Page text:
Frequently Asked Questions about Autism

What are Autism Spectrum Disorders (ASD)?

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ASD refers to a wide spectrum of neurodevelopmental disorders that affect communication, behavior, and social interaction.

Children with ASD have delayed or absent communication skills and may demonstrate repetitive or idiosyncratic use of language.  They often have underdeveloped play skills and may engage in repetitive behaviors or adhere to rigid routines.

For more information about the warning signs for autism, visit the U.S. Centers for Disease Control and Prevention website at www.cdc.gov/actearly or the First Signs website at www.firstsigns.org.

How common is autism?

According to a 2014 report commissioned by the U.S. Centers for Disease Control and Prevention, approximately one in 68 American children has been diagnosed with autism or a closely related neurodevelopmental disorder—a dramatic increase over the past decade.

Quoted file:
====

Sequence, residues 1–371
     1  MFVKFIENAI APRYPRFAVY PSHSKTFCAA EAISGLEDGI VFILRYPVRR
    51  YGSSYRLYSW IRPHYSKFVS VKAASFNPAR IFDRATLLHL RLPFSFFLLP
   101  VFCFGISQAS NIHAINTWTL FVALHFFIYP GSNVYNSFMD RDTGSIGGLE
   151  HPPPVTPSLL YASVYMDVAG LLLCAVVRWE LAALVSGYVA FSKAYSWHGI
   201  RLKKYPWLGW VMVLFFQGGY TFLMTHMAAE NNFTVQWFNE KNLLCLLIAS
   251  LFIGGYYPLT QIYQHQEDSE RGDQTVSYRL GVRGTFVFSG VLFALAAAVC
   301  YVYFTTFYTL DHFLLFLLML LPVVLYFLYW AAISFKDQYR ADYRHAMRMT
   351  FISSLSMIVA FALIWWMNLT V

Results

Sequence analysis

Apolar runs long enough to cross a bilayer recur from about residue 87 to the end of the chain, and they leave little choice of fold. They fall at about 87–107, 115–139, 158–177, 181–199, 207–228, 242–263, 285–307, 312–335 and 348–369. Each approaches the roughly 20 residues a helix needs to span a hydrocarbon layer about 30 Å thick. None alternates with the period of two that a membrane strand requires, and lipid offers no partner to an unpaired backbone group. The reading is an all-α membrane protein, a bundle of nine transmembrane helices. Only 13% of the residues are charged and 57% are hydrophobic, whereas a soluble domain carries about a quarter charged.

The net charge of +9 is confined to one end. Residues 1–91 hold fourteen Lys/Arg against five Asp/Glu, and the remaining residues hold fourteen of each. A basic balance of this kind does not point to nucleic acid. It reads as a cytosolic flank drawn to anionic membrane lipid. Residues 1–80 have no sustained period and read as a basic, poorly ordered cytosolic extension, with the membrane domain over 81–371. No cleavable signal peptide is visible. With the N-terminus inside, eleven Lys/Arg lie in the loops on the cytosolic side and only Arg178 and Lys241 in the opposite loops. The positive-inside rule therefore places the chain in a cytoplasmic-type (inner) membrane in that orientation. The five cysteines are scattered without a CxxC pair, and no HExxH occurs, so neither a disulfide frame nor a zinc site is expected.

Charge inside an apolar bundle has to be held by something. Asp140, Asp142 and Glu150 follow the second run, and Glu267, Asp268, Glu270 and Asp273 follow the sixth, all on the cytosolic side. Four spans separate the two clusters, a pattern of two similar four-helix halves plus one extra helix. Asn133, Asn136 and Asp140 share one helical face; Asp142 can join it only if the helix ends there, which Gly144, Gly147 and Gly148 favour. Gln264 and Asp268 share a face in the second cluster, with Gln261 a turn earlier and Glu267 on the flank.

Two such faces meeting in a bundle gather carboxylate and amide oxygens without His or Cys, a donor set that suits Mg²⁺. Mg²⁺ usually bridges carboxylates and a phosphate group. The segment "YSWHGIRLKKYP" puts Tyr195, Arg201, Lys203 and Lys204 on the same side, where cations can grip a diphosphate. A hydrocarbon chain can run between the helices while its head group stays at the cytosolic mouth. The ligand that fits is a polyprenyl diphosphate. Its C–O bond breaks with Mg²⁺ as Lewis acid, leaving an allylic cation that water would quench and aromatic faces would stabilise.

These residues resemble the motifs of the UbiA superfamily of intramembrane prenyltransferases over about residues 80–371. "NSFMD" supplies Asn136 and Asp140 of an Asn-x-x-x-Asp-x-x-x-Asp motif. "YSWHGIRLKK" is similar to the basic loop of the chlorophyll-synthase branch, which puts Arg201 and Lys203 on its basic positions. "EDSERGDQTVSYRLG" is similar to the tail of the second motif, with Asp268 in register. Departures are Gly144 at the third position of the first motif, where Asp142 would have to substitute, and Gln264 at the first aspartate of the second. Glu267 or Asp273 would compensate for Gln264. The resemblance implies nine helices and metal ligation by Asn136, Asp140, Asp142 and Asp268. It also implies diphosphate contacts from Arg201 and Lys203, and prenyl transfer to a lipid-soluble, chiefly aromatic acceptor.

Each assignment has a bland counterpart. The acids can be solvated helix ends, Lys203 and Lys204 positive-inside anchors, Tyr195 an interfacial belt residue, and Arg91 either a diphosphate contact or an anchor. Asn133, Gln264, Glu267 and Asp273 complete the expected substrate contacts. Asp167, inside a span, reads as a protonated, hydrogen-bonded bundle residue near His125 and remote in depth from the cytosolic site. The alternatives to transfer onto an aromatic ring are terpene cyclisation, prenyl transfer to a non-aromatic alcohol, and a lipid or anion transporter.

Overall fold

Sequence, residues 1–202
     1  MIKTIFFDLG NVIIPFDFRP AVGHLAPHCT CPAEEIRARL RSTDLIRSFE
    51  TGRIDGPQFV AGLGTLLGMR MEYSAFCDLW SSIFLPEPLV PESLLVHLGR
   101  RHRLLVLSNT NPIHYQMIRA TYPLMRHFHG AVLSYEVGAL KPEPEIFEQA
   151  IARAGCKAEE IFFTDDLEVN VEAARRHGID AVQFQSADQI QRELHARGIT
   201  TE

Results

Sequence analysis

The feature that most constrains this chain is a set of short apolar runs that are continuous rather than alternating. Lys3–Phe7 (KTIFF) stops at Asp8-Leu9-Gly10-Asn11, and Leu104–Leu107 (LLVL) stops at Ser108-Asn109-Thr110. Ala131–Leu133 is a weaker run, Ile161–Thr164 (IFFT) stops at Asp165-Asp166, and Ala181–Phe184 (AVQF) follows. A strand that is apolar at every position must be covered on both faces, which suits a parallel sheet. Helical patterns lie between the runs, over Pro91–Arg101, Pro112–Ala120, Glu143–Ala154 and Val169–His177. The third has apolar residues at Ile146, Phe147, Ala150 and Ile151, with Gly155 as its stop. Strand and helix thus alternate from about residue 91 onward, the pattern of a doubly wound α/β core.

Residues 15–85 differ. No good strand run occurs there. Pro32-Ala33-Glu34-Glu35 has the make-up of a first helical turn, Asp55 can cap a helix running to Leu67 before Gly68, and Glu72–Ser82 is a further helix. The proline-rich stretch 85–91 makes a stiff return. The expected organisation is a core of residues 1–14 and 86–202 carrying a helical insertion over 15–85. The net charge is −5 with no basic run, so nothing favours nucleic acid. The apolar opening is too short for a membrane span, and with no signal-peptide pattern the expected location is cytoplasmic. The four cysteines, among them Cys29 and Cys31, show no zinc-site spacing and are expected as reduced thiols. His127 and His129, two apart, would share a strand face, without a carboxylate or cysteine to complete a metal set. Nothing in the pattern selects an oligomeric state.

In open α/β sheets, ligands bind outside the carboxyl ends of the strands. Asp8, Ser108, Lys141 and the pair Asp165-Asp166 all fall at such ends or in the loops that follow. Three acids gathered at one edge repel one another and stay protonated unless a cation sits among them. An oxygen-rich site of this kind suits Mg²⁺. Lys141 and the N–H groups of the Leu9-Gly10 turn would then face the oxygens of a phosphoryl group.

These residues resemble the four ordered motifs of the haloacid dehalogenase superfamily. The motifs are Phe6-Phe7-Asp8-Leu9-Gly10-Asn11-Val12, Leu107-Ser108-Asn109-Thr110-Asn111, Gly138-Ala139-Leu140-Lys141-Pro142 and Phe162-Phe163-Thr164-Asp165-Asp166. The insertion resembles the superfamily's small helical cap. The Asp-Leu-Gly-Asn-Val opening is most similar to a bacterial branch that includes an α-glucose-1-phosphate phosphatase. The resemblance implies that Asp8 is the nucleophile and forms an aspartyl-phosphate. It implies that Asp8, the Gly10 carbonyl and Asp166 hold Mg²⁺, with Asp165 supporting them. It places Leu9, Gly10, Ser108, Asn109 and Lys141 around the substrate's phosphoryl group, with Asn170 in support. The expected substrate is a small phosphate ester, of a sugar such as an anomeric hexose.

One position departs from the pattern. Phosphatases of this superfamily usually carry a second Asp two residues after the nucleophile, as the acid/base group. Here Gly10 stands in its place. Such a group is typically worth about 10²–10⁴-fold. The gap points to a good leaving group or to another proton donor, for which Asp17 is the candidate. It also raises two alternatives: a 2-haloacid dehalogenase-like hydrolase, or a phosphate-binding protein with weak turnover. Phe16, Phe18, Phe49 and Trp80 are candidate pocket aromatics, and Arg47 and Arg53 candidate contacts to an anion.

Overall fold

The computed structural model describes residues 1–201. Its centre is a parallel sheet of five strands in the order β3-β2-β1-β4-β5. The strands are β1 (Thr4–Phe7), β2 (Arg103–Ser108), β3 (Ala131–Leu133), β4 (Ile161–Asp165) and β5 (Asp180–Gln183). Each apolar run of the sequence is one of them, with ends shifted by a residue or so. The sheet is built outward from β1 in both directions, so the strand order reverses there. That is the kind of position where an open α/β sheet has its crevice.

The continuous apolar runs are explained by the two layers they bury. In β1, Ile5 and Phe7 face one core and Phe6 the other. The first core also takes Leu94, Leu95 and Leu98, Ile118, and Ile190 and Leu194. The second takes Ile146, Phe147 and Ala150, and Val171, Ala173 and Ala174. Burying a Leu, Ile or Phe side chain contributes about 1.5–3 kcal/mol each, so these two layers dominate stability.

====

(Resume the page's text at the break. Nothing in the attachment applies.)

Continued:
What causes autism? Can it be cured?

The causes of this complex disorder remain uncertain. Instructional methods such as Applied Behavior Analysis have proven effective in helping individuals with autism learn to overcome many of the challenges that autism presents. These interventions have proven particularly effective when started during the first several years of a child’s life. For more information about recent research into the causes of and treatments for autism, visit the Autism Speaks website at http://www.autismspeaks.org/science.

Why doesn’t The Birchtree Center refer to its students as “autistic”?

studentOur students are children or youth who happen to have autism. We believe that our choice of words, our choice of “descriptors,” is not merely a subtle grammatical-lexical difference. What we call ourselves and how we refer to our children is of primary importance.

“Oh, he’s autistic!” is quite different than “Oh, that’s Charlie; he has autism.”

Please join us in referring to our students as having autism, as being challenged with autism, and never as being totally defined by it. We prefer to think of our students as learners, as students, as children who are challenged with autism.

For answers to frequently asked questions about The Birchtree Center’s programs and our educational approach, click here.  For tips for families living with autism, click here.

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